KUPANG, Indonesia (AFP) - Sixteen asylum seekers have come ashore in Indonesia after their boat was turned back from Australia, police said on Friday (Nov 27), prompting fresh concern from Jakarta over Canberra's tough immigration policies.
An Australian navy boat had reportedly been spotted last week towing an Indonesian fishing vessel away from the Australian territory of Christmas Island.
Australia denies resettlement to political refugees arriving on boats and turns vessels back when it is safe to do so, despite criticism of the hardline policy.
Thirteen migrants from India, two from Nepal and one Bangladeshi came ashore Thursday (Nov 26) evening in Tablolong, on Timor island in eastern Indonesia, and the ship's captain was also detained, local police spokesman Jules Abraham Abas said.
Indonesian news agency Antara quoted a resident as saying the people were rescued from their boat after running out of fuel off the coast and locals heard their cries for help.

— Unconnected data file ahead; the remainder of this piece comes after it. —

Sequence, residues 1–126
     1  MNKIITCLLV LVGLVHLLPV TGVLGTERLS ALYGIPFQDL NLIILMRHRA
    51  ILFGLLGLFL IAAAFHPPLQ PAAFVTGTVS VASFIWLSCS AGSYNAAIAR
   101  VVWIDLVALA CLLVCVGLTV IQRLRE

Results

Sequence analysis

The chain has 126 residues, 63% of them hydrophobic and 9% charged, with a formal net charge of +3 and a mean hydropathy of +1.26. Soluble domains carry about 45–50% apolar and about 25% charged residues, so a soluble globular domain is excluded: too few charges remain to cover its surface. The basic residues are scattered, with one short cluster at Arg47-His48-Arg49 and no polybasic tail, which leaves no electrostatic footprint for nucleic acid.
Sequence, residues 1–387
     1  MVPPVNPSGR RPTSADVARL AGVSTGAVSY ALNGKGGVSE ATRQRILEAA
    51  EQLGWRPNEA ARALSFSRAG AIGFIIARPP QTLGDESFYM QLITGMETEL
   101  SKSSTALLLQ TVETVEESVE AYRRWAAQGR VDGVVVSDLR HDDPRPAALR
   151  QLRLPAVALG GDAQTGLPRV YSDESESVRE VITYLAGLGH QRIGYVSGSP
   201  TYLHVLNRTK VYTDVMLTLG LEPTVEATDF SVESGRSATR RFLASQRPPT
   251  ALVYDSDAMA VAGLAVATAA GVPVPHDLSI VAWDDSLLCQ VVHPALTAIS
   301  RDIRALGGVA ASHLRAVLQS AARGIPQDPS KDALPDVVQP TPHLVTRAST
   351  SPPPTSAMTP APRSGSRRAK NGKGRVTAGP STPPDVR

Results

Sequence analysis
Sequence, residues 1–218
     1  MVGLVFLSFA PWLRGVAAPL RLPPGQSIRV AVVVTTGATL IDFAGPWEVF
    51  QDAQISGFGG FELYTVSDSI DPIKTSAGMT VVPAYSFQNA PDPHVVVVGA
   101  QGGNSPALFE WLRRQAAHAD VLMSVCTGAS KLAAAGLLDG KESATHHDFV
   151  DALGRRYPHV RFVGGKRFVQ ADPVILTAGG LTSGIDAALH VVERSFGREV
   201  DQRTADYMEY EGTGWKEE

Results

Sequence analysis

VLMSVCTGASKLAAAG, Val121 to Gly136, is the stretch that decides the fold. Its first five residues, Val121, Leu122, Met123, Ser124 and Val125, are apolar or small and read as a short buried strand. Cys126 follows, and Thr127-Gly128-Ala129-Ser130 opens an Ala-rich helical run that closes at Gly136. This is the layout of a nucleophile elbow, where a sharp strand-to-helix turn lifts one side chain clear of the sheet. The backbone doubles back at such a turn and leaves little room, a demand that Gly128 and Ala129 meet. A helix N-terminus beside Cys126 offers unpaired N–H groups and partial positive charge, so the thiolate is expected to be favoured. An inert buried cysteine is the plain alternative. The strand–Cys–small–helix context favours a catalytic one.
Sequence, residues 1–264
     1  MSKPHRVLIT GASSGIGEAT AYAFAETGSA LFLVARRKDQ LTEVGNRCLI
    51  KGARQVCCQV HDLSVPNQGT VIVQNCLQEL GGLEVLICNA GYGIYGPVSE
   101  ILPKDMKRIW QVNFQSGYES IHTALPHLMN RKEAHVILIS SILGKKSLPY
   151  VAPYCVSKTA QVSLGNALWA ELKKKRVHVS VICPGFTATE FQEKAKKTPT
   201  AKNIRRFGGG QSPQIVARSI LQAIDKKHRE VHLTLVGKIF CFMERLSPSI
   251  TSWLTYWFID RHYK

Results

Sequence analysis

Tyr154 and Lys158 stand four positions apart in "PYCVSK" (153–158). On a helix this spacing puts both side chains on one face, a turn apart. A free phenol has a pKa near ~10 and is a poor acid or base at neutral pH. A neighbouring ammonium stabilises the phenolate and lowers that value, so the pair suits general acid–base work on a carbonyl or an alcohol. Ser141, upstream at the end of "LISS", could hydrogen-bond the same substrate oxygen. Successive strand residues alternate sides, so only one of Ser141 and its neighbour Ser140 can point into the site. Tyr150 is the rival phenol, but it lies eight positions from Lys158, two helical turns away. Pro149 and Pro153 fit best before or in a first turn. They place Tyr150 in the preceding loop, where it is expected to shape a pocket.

Australia's hardline approach has caused particular tensions with Indonesia, the transit point for many would-be refugees en route to Australia, and the news of another boat turn-back prompted fresh worries.
"We are concerned when some countries like Australia - rather than informing us or working with us - take unilateral action and push back boats," Hasan Kleib, a senior Indonesian foreign ministry official told reporters in Jakarta.
The latest turn-back came as a meeting on the issue of asylum seekers was being held in Jakarta, attended by representatives from several countries, including Australia.
A Bangladeshi immigrant, Muhammad Anwar, 22, told reporters on Timor island that the group had been heading for Australia but were turned back by the Australian navy when they reached Christmas Island.
"We spent four days in Christmas Island, but were told to turn back to Indonesia by Australian security officials, because the Australian government refuses to accept illegal immigrants," he said, adding the migrants had each paid US$5,000 (S$7,043) for their journey.
The boat captain said Australian officials destroyed their boat and then put them on another vessel to head back to Indonesia.
The Australian government no longer takes asylum seekers arriving by boat to Christmas Island, which lies between Indonesia and the Australian mainland, sending them instead to the Pacific islands of Nauru and Manus in Papua New Guinea.
They are denied resettlement in Australia even if they are found to be genuine refugees. Asylum seekers had previously been arriving regularly in often unsafe wooden fishing vessels, with hundreds drowning en route.